On the way down to Somerset to see the famous photographer, Don McCullin, for a man-to-man chat about war, women, and the meaning of life, I recalled that the last time we had done this was in the back of a taxi on the road between Suez and Cairo. The Six Day War was about to start and our attempt to get to the likely scene of action had been thwarted by our treacherous taxi-driver. He handed us over to the Egyptian security police who sent us packing. On the long drive back we reminisced about our early days in journalism. McCullin said that his break had not been - as legend has it - The Observer photographs of a youth gang in his home suburb of Finsbury Park, north London, but of something much more in keeping with his subsequent career.
"It was 1961. I had 70 quid in the bank. I saw in the papers about this wall going up in Berlin that was going to divide the city - communism on one side, democracy on the other, and I thought, 'I want to photograph that'. By the time I got to Berlin I had £8 left. I went to the hotel where Patrick O'Donovan, The Observer's correspondent, was staying, but he was out. The receptionist took pity on me and let me sleep in a room in her flat. My whole stay there was like the plot of a John Le CarrÃ© spy thriller. But the pictures I got launched me on war photography."
They remain among the best of his work, brilliant examples of the power of monochrome photography in the right circumstances.
McCullin has, of course, come a long way since then. For nearly 40 years he was the world's greatest war photographer. Wherever man was killing his fellow man, McCullin was there, "looking at what others cannot bear to see" - Cyprus, the Congo, Biafra, Cambodia, Northern Ireland, Afghanistan, the Lebanon, Israel, Iraq and, above all, Vietnam. Twenty-five years after the American defeat there, most people's memories of that dreadful war incorporate unconsciously at least one of McCullin's photographs.
His searing, disturbing pictures - of maimed civilians, dead and dying children, a mother's face contorted with grief, soldiers pushed to the limit of endurance - won him fame and acclaim. He was awarded a CBE and two honorary doctorates. He gave lectures and has 14 books to his name. Prints of his work are collector's items. When The Sunday Times - home of his best work - sacked him, he let it be known that he would consider a few select advertising commissions. Agencies fought over him.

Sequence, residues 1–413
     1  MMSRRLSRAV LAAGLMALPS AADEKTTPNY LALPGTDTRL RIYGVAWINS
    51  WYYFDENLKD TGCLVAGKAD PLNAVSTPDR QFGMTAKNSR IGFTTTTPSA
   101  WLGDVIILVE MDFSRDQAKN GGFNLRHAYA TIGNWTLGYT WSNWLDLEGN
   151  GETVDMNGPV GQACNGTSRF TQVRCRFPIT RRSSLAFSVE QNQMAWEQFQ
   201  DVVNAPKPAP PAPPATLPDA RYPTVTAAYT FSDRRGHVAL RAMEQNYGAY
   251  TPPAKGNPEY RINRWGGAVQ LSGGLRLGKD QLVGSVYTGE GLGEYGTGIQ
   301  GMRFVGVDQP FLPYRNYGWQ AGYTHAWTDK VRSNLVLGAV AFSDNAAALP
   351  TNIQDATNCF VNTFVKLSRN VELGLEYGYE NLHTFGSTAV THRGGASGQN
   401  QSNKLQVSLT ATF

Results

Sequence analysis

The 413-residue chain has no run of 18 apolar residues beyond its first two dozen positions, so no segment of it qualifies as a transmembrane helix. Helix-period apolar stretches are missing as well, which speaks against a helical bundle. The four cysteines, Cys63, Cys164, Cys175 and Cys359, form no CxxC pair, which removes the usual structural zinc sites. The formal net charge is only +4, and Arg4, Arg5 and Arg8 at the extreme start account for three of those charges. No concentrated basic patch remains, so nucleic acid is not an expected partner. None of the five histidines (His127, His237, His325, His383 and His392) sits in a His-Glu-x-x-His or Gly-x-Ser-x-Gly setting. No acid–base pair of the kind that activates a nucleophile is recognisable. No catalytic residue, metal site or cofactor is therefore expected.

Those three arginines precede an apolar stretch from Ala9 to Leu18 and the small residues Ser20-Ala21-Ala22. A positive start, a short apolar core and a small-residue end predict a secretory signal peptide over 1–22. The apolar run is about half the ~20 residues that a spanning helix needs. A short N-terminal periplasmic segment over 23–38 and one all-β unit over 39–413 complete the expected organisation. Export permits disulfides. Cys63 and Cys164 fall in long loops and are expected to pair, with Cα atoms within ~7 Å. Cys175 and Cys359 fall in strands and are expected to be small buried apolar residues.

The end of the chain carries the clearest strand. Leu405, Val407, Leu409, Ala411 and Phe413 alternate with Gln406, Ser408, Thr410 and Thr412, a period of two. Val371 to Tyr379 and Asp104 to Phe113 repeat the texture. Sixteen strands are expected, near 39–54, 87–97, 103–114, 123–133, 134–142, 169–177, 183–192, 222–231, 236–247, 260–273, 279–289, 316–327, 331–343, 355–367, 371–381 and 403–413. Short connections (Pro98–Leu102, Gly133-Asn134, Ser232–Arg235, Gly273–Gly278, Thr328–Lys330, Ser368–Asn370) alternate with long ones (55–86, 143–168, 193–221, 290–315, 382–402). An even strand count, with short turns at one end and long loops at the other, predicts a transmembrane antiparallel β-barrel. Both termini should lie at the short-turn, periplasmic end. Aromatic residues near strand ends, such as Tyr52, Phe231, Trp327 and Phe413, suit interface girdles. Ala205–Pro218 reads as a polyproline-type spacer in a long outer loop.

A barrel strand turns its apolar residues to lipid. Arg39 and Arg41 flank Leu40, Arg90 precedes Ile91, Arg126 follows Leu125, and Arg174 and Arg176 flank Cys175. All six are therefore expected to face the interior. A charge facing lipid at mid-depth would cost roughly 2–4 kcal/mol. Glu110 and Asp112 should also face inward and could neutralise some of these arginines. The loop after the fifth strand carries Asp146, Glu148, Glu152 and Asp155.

True, there were dark periods. He admits now that he was hooked on danger, that quick sprint along the edge of death that has been fatal for many a war correspondent. "I used to be a war-a-year man," he said at the time. "I need two a year now. When it gets to three or four I'll start to be worried."
Naturally this affected his family life. I asked him once what his lasting memory would be of his career as a war photographer. He replied: "Looking out of the back window of the taxi taking me off to the airport to go to another war, and seeing my wife and kids crying because they were never certain whether they would ever see me again."
There were personal upheavals. He left his wife, his teenage sweetheart, Christine, for another woman. Then Christine died of a brain tumour on the very morning of their son's wedding. And he never came to terms with the changes Rupert Murdoch made to McCullin's beloved Sunday Times magazine. "The magazine gave me carte blanche to go anywhere I liked, photograph anything I wanted to. Then one day the new editor said he didn't want any more pictures of dying children and mud huts and from now on the magazine was going to be lifestyle and leisure."
But at 65, looking outrageously young despite his age and past lifestyle, living quietly on his own in a wonderful stone house on 25 acres in Castle Cary, with his own trout stream, tame foxes, views to shame most picture postcards and a renewed interest in his work, McCullin should be enjoying the early autumn of his life.
But it's not quite like that. Jonathan Cape has persuaded McCullin to work on a 40-year retrospective of his work, for publication next year. This will coincide with an exhibition of his photographs inParis. So McCullin has been spending his days in his darkroom, going through thousands of negatives, choosing the best and then printing them - seeing out of the wash and the fumes of the chemicals his own life slowly emerge in the faces of people he once photographed.